PHOTO: TN.gov
Education Commissioner Candice McQueen

She added: “That’s why we’re taking extra precautions to verify in real time, before the testing window, that things have actually been accomplished.”

By the year’s end, Tennessee plans to request proposals from other companies to take over its testing program beginning in the fall of 2019, with a contract likely to be awarded in April.

The administration of outgoing Gov. Bill Haslam has kept both of Tennessee’s top gubernatorial candidates — Democrat Karl Dean and Republican Bill Lee — in the loop about the process. Officials say they want to avoid the pitfalls that happened as the state raced to find a new vendor in 2014 after the legislature pulled the plug on participating in a multi-state testing consortium known as PARCC.


Why state lawmakers share the blame, too, for TNReady testing headaches


“We feel like, during the first RFP process, there was lots of content expertise, meaning people who understood math and English language arts,” McQueen said. “But the need to have folks that understand assessment deeply as well as the technical side of assessment was potentially missing.”

Academic Accountability

Coming soon: Not one, but two ratings for every Chicago school

Starting this month, Chicago schools will have to juggle two ratings — one from the school district, and another from the state.

The Illinois State Board of Education is scheduled to release on October 31 its annual report cards for schools across the state. This year, for the first time, each school will receive one of four quality stamps from the state: an “exemplary” or “commendable” rating signal the school is meeting standards while an “underperforming” or “lowest performing” designation could trigger intervention, according to state board of education spokeswoman Jackie Matthews.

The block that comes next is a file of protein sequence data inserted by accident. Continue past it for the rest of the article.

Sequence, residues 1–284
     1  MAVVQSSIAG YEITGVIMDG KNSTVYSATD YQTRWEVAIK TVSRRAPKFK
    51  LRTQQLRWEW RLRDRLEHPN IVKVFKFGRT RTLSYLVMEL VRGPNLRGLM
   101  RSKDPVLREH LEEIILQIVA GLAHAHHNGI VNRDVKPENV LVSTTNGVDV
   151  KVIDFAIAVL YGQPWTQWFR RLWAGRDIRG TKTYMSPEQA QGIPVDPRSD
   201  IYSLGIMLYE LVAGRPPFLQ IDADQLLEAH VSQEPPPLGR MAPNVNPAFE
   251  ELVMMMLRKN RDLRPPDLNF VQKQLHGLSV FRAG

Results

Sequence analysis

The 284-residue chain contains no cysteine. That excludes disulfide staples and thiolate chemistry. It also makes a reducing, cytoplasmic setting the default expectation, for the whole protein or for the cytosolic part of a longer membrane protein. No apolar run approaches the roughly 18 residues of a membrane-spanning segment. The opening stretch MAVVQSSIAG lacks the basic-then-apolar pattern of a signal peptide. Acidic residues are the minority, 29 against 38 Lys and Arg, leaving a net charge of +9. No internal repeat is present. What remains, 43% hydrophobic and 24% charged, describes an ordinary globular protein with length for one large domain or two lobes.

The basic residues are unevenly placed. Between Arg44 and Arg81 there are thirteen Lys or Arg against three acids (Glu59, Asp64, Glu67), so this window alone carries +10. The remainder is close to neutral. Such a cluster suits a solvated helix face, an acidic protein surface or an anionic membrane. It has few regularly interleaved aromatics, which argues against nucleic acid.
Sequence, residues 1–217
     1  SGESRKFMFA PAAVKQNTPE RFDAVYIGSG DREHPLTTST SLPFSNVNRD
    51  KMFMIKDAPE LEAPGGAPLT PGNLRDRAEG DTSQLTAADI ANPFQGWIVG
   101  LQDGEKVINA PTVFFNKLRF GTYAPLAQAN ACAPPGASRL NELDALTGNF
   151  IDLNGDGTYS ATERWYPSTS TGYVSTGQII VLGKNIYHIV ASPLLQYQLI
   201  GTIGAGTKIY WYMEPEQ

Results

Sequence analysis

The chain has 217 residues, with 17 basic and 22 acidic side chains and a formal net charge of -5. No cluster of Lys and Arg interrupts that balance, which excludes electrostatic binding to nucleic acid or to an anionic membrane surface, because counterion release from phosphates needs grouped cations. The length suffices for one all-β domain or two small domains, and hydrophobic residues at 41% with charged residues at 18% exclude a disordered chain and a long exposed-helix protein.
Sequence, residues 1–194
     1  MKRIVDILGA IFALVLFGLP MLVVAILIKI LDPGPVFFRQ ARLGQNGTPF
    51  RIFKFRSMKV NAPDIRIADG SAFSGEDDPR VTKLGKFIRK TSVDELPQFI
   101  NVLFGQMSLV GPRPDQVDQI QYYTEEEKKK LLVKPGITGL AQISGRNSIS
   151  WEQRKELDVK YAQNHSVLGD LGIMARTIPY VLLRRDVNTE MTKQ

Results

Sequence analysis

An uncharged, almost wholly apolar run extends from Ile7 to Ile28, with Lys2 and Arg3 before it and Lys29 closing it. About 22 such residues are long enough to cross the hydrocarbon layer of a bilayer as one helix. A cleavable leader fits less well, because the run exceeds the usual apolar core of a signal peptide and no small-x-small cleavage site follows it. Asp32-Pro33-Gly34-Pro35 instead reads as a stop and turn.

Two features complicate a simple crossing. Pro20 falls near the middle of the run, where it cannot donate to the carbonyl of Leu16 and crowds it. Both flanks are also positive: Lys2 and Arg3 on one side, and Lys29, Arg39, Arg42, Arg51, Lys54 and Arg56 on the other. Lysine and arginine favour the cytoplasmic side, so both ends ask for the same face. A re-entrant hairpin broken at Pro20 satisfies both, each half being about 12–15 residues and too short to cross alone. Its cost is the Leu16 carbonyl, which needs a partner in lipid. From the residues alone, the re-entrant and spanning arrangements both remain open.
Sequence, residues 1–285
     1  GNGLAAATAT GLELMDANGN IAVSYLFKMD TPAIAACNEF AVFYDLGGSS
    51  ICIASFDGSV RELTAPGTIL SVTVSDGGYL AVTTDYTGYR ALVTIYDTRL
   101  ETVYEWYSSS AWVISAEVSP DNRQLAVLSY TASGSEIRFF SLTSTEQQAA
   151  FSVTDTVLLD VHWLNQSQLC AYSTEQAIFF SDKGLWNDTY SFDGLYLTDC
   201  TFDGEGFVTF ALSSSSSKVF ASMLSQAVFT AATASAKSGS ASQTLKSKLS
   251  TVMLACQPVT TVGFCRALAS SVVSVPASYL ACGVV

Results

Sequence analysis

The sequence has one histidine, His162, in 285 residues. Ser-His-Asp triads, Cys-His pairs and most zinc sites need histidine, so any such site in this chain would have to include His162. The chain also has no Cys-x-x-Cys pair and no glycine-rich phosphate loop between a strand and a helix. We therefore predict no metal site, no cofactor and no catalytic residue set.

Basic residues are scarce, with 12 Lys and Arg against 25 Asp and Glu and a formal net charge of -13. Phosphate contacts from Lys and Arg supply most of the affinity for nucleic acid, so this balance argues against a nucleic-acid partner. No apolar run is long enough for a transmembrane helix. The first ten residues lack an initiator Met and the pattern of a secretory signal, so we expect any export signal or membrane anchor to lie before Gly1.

A federal accountability law, the Every Student Succeeds Act, requires these new ratings.

To complicate matters, the city and state ratings are each based on different underlying metrics and even a different set of standardized tests. The state ratings, for example, are based on a modified version of the PARCC assessment, while Chicago ratings are based largely on the NWEA. The new state ratings, like those the school district issues, can be given out without observers ever having visited a classroom, which is why critics argue that the approach lacks the qualitative metrics necessary to assess the learning, teaching, and leadership at individual schools.

Patricia Brekke, principal at Back of the Yards College Preparatory High School, said she’s still waiting to see how the ratings will be used, “and how that matters for us,” but that parents at her school aren’t necessarily focused on what the state says.

“What our parents usually want to know is what [Chicago Public Schools] says about us, and how we’re doing in comparison to other schools nearby that their children are interested in,” she said.

Educators at Chicago Public Schools understand the power of school quality ratings.  The district already has its own five-tiered rating system: Level 1+ and Level 1 designate the highest performing schools, Level 2+ and Level 2 describe for average and below average performing schools, respectively, and Level 3, the lowest performance rating, is for schools in need of “intensive intervention.” The ratings help parents decide where to enroll their children, and are supposed to signal to the district that the school needs more support. But the ratings are also the source of angst — used to justify replacing school leaders, closing schools, or opening new schools in neighborhoods where options are deemed inadequate.

In contrast, the state’s school quality designations actually target underperforming and lowest-performing schools with additional federal funding and support with the goal of improving student outcomes. Matthews said schools will work with “school support managers” from the state to do a self-inquiry and identify areas for improvement. She described Chicago’s school quality rating system as “a local dashboard that they have developed to communicate with their communities.”